3rd Annual Starr Saphir Memorial Bird Walk Scheduled

Lenore Swenson will once again lead a walk through the Central Park Ramble and environs on Friday, 1 May 2015, at 7:30 a.m. The walk is free. Meet at the southeast corner of 81st Street and Central Park West.

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Results of Starr Saphir Memorial Bird Walk

Lenore Swenson, who expertly led the walk in the Ramble, writes in with this report:

The Starr Saphir Memorial Bird Walk in Central Park on May 2, 2014, surely had Starr smiling down on us. The weather was perfect – mostly sunny, warming up into the 60’s; cherry trees and flowers were in bloom, and the birds were plentiful. About 40 people showed up for the walk, and, although it was a large group, people managed to stay together and get good looks at most birds. With so many eyes and good spotters among us, we amassed a list of 63 species, including 14 warblers.

  1. Canada Goose
  2. Mallard
  3. Double-crested Cormorant
  4. Green Heron
  5. Black-crowned Night Heron
  6. Red-tailed Hawk
  7. Herring Gull
  8. Rock Pigeon
  9. Mourning Dove
  10. Chimney Swift
  11. Ruby-throated Hummingbird
  12. Red-bellied Woodpecker
  13. Downy Woodpecker
  14. Northern Flicker
  15. Peregrine Falcon
  16. Great Crested Flycatcher
  17. Eastern Kingbird
  18. White-eyed Vireo
  19. Blue-headed Vireo
  20. Warbling Vireo
  21. Red-eyed Vireo
  22. Blue Jay
  23. American Crow
  24. Black-capped Chickadee
  25. Blue-gray Gnatcatcher
  26. Ruby-crowned Kinglet
  27. Veery
  28. Hermit Thrush
  29. Wood Thrush
  30. American Robin
  31. Gray Catbird
  32. European Starling
  33. Cedar Waxwing
  34. Ovenbird
  35. Worm-eating Warbler
  36. Northern Waterthrush
  37. Blue-winged Warbler
  38. Black-and-white Warbler
  39. Common Yellowthroat
  40. American Redstart
  41. Northern Parula
  42. Yellow Warbler
  43. Black-throated Blue Warbler
  44. Palm Warbler
  45. Yellow-rumped Warbler
  46. Prairie Warbler
  47. Black-throated Green Warbler
  48. Eastern Towhee
  49. Chipping Sparrow
  50. Song Sparrow
  51. Swamp Sparrow
  52. White-throated Sparrow
  53. White-crowned Sparrow
  54. Scarlet Tanager
  55. Northern Cardinal
  56. Rose-breasted Grosbeak
  57. Red-winged Blackbird
  58. Common Grackle
  59. Orchard Oriole
  60. Baltimore Oriole
  61. House Finch
  62. American Goldfinch
  63. House Sparrow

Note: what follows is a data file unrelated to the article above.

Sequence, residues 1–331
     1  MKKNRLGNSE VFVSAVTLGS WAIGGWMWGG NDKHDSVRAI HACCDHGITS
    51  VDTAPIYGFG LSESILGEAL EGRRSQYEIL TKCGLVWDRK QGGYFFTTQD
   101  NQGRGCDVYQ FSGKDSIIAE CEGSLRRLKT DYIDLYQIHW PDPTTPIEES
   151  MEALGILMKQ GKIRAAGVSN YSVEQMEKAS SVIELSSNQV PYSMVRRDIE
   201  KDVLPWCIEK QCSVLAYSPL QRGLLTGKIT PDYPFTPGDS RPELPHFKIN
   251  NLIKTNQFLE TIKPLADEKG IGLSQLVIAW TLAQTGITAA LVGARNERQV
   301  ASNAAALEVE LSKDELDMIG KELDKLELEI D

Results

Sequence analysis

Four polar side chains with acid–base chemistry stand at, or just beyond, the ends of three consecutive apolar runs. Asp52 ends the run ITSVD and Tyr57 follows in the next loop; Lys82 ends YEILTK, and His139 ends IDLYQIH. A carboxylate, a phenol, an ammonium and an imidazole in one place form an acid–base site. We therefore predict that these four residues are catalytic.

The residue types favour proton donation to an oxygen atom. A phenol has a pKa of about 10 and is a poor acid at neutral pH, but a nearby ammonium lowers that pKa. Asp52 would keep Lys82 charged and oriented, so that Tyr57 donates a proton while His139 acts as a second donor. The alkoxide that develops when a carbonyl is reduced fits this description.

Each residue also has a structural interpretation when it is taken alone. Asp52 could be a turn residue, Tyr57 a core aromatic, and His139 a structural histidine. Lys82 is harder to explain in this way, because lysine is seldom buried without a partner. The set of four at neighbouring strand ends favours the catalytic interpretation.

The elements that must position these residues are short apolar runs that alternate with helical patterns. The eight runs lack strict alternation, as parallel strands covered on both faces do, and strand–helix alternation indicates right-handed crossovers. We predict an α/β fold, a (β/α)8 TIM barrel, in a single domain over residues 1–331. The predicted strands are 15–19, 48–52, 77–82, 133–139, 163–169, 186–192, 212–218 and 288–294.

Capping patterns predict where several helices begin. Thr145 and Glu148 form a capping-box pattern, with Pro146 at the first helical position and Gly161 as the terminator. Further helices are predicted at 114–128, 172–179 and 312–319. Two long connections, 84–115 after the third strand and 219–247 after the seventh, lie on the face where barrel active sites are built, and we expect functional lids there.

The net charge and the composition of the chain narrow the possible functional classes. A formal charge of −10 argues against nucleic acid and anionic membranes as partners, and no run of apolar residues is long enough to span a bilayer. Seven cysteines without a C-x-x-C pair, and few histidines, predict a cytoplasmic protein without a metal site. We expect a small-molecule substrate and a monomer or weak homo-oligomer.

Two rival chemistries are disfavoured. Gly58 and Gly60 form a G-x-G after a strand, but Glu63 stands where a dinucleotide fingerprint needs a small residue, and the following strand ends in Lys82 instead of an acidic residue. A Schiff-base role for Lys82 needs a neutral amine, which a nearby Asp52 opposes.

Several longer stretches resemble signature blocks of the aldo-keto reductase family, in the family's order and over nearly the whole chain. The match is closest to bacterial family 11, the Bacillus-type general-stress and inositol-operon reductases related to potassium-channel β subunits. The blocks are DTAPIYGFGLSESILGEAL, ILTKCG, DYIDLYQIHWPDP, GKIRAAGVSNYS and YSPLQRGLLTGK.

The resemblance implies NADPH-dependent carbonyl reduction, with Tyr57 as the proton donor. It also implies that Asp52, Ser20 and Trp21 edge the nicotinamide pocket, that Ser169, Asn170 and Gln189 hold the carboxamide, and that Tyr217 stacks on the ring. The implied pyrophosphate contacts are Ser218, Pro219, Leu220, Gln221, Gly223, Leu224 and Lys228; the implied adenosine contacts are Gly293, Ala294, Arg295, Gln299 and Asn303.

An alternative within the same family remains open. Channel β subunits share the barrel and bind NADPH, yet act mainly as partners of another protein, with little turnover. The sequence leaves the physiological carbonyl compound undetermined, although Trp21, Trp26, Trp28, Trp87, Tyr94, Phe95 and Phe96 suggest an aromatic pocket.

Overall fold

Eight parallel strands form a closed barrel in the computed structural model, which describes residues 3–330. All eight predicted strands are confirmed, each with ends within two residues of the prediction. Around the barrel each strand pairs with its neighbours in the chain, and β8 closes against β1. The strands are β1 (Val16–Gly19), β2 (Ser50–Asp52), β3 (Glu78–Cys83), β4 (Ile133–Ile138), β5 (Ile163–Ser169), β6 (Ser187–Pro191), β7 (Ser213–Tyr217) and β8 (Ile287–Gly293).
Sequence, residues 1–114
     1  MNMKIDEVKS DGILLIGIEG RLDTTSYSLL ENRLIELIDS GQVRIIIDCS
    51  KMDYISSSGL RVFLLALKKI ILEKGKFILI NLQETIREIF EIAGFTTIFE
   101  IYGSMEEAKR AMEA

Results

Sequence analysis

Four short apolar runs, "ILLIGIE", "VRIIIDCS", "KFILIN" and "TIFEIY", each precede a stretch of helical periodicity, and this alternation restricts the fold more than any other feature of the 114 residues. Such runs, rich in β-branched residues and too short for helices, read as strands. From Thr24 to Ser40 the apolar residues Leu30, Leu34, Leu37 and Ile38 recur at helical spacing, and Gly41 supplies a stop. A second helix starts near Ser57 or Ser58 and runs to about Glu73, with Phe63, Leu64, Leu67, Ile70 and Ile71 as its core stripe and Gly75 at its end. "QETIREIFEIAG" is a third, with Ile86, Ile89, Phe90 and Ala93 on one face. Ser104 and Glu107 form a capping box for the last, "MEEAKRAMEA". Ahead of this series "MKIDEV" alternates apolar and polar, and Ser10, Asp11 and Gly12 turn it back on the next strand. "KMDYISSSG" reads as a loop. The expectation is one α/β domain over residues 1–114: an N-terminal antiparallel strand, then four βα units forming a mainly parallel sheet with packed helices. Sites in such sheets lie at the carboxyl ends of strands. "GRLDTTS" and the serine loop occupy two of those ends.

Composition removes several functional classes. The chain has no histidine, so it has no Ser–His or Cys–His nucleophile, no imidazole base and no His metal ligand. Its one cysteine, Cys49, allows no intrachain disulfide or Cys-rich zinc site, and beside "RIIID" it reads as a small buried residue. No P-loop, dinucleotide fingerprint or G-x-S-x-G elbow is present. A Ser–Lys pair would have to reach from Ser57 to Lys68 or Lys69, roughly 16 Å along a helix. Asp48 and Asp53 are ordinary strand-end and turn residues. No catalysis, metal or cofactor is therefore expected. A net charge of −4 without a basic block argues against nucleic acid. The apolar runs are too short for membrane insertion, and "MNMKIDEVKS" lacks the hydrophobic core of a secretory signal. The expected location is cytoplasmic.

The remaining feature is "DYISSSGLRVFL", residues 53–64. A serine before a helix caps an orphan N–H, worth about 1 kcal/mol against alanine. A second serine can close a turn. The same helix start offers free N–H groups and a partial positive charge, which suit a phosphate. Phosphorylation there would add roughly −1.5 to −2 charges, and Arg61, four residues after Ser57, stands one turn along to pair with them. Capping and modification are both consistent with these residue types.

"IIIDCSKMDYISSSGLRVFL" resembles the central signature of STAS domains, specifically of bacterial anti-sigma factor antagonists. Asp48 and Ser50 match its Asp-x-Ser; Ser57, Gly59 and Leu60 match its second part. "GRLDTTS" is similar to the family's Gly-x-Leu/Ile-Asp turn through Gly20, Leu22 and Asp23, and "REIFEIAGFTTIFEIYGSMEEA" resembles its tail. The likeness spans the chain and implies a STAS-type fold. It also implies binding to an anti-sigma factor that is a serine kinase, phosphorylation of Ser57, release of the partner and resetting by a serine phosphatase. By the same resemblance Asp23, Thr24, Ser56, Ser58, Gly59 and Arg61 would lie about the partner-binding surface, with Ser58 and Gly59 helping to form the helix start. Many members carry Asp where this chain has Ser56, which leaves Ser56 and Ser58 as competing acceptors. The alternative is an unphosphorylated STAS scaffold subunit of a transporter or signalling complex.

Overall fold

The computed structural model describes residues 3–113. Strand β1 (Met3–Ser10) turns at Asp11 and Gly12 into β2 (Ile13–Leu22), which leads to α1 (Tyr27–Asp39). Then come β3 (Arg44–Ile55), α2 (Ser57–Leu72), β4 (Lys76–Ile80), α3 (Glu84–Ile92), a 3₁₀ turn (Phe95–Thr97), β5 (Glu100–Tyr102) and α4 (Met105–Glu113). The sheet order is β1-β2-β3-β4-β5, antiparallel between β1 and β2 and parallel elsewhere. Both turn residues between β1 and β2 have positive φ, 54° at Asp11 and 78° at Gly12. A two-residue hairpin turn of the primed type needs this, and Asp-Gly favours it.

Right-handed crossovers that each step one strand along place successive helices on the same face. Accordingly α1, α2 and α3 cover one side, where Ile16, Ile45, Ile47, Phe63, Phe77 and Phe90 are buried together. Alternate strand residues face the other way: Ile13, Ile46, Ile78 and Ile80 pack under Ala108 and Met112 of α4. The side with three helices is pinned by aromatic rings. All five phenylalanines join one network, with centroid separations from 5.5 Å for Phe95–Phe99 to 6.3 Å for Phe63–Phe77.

Starr Saphir Memorial Bird Walk, 2 May 2014

Lenore Swenson will once again lead a walk through the Central Park Ramble in memory of Starr Saphir. This walk is scheduled for Friday, May 2, 2014 at 7:30 a.m. at the usual meeting place, the SE corner of Central Park West and 81st Street by the benches. The walk is free and no pre-registration is required — just show up and be ready to see some great birds.

Status of the birding walks

Many viewers of this site appear to be searching for information about the birding walks. Though Lenore Swenson is still planning a special memorial walk in honor of Starr, which I expect will take place in late April or early May, no regular birding  walks for 2013 have been scheduled as yet. Should we get a schedule, I will announce it here and on the birding message boards.

Cold weather and strong northerly winds have delayed migration this year, but we may see better conditions by Sunday. Meanwhile, Pine Warblers have begun appearing in Prospect Park, so we ought to be getting them soon.

Good birding,

David Barrett

American Coot, Meer

American Coot (Fulica americana) may be found ...

American Coot

Starr Saphir and Lenore Swenson’s walk in the Central Park North End had 50 species including 8 sparrows. It was overcast with temperature of 62 and light winds.

The walk began with a tradition that Starr has continued for over two decades: on the last walk before Halloween, the walk leaders offer some candy treats to the participants. Two of the group’s young birders appeared in costume, as elves. It was great to see Starr out in the Park again and calling out birds as they flew overhead.

The group added a new species for both the season and year (#157), American Coot. Coot can reliably be found on the Reservoir from November through April and they sometimes show up on the Lake, too. They are much less common on the Meer.

Among the sparrows today were Field, Swamp, and White-crowned, and Eastern Towhee.

The group had good views of perching Red-tailed Hawk and Cooper’s Hawk. A flying American Kestrel was also seen.

Other good birds were Red-breased Nuthatch and Wood Duck, the latter on the Meer.

The only warbler was Yellow-rumped Warbler, which was much less visible than in recent days, when one might see over 15 in an hour of birding; today this number was 1 to 3.

It appears that the moderate migration noted on radar the last few nights has reduced numbers of many species such as Palm Warbler, Yellow-rumped Warbler, Hermit Thrush, Cedar Waxwing, and some of the sparrows such as FieldWhite-crowned, Song, and Lincoln’s. For the first time in over a month I did not see an Eastern Phoebe. Brown Thrasher, which was abundant two to three weeks ago, is no longer being seen, either.

Black-capped Chickadees are being heard and seen more often, along with Tufted Titmice. Large flocks of Common Grackles appear, too.

We are already seeing many ducks, and more of the less-common species are on the way, such as Green-winged Teal and American Wigeon. We are seeing some Canada Geese migrating overhead, and Snow Geese should be along, too.

Update (31 Oct 2012): The remaining three walks of the year were cancelled because Hurricane Sandy closed the Park.